It is still the Theory of Evolution, with a lot of evidence that backs it up. It is not yet the Law of Evolution, where it is completely accepted, fully explains speciation and species change, and no questions remain.

Nonetheless, as an evolutionary biologist, I firmly believe that science is on the right track as to how species came to be and how new species can arise from existing ones.

Ivan's avatar

@Darwin

“Eventually, however, if a theory reaches a point where it seems to have been proven beyond all possible doubt, it becomes a law, such as the Law of Gravity.”

No. Theories and laws are two completely separate things. Theories do not graduate into laws. There will never be a law of evolution. There is both a law of gravity and a theory of gravity that exist simultaneously.

Critter38's avatar

A scientific law can still be overturned, it just needs new facts to arise. There is no circumstance in science where we assume that no new evidence is possible…even when it comes to laws.

Laws generally consist of analytical statements, often containing a constant. So they don’t venture into theoretical explanation of processes, but rest in the world of observation. So we can make a very clean statement about a pattern (hence their frequency in physics)...eg. the general law of gravitation, that generally holds true. But evolutionary theory explains the processes that facilitate the fact that species evolve.

Which brings up the next issue…laws may not be universally true. Newton’s laws are still laws even though relativity replaced them. This is because they still hold to be substantially true for most human observations (except at very high speeds, very strong gravity, or very small scales). So a law can be invalid some of the time and still be a law. Also, there is no scientific law making body…it is merely common usage that stipulates whether something is a law or not.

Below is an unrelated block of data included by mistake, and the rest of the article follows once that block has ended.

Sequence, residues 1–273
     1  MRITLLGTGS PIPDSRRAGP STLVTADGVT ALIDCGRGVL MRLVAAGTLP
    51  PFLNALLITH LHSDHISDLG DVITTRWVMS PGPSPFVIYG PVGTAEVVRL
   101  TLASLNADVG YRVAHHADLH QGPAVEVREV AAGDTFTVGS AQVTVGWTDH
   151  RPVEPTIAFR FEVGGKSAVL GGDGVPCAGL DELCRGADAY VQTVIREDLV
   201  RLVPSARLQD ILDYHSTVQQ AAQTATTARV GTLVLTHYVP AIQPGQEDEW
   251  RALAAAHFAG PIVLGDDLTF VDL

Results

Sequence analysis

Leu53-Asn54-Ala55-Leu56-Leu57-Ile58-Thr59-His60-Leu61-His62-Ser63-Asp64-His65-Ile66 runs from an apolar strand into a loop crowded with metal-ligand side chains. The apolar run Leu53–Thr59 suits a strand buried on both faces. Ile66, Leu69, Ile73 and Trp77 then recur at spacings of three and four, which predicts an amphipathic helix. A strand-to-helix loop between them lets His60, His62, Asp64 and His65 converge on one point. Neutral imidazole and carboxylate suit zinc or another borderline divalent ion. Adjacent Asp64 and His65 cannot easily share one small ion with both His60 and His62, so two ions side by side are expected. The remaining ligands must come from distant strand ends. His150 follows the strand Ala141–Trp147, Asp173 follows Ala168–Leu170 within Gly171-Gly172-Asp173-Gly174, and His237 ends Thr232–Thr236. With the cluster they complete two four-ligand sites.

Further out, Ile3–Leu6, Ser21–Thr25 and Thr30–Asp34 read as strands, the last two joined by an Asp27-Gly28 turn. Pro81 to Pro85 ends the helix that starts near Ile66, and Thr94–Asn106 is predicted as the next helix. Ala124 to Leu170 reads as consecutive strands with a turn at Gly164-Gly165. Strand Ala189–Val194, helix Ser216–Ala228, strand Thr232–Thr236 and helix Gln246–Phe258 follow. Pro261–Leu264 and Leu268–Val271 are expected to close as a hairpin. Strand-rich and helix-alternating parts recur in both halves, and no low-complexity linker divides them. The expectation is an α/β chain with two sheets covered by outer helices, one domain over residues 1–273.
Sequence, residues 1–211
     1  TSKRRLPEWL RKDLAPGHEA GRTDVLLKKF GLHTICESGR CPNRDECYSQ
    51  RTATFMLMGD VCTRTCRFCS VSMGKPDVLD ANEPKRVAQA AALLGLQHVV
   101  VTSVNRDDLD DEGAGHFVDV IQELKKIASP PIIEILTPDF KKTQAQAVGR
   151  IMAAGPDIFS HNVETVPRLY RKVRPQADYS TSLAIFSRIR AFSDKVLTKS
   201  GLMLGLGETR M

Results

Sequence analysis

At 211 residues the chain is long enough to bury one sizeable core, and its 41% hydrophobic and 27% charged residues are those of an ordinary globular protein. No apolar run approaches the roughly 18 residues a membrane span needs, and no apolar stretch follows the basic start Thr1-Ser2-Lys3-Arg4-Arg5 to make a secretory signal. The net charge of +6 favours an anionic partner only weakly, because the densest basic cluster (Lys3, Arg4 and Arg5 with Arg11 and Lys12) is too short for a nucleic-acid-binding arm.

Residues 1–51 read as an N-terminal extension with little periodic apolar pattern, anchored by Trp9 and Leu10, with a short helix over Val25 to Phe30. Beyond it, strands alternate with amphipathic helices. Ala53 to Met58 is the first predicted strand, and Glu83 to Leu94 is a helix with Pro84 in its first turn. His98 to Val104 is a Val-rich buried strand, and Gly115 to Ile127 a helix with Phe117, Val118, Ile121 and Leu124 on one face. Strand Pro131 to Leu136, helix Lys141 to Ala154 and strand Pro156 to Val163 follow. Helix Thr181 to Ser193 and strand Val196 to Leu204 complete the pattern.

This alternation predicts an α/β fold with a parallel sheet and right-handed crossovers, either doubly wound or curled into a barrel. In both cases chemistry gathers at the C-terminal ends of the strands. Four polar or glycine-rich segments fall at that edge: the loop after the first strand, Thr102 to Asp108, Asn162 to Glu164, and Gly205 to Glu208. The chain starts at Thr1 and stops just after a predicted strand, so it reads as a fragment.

Check this out for interest. It specifically discusses evolution and its distinction from physics and associated laws.
http://www.talkorigins.org/faqs/evolphil/predict.html

Ivan's avatar

@Critter38 Excellent answer.

DarkScribe's avatar

@Critter38 A scientific law can still be overturned, it just needs new facts to arise.

Let me know when they overturn the law of gravity will you – I have always wanted to fly.

Oh, and if they discover that the speed of dark exceeds the speed of light, that would a handy thing to know.

Fyrius's avatar

I see this quote hasn’t been thrown around yet. Going to rectify that now.

Fossil rabbits in the Precambrian. – J. B. S. Haldane (on what could make him lose confidence in the theory of evolution)

Critter38's avatar

@DarkScribe I take the underlying point. Scientists are generally extremely careful to point out the limitations of current knowledge and the importance of working with probabilities rather than certainties. Unfortunately for those accustomed to thinking in absolute truths this provides a rather handy loophole to exploit when making spurious god of the gaps arguments. Essentially the “Ahhhh, so you’re not certain….hmmm… Therefore you can’t rule out the ‘possibility’ that a supernatural misogynist magically farted into existence all creatures great and small.”

So although I acknowledge that evolutionary theory ‘could’ be overturned, I also acknowledge that words like ‘could’, and ‘possibly’ and ‘perhaps’ are so inclusive as to cover that which is reasonably likely, ridiculously unlikely, as well as that which is impossible without inventing other impossibilities to make it all seem more possible, through the shear collapsing weight of stupidity.

Basically people confuse the fact that just because they (or some goat herder 3000 years go) imagined something, and just because we can not categorically exclude anything from that which might be possible, ‘therefore’ what was imagined somehow hurdles the logic and evidence barrier in our heads to become a reasonable supernatural account of the world around us for us to live by.

Alas, I digress…my point…After 150 years of supporting, extensive, and overwhelming evidence from mutliple scientific fields for the fact that species evolve, I place the possibility of evolution being proved wrong in the exclusive “fucking ridiculously unlikely” pile.

I hope my position is clearer now…:)

thanks Ivan. I just didn’t want people to think, from Darwin’s comment, that there was a ladder of truth that evolutionary theory hadn’t yet assailed…and hence wasn’t ‘yet’ a law

nice link fyrius

tiffyandthewall's avatar

i have no intelligent answer, but i thought that first sentence said “Many things accepted as fact by the scientific community in the past have been subsequently proved wrong by fluther discoveries.”, and it was kind of a “hell yeah!” moment.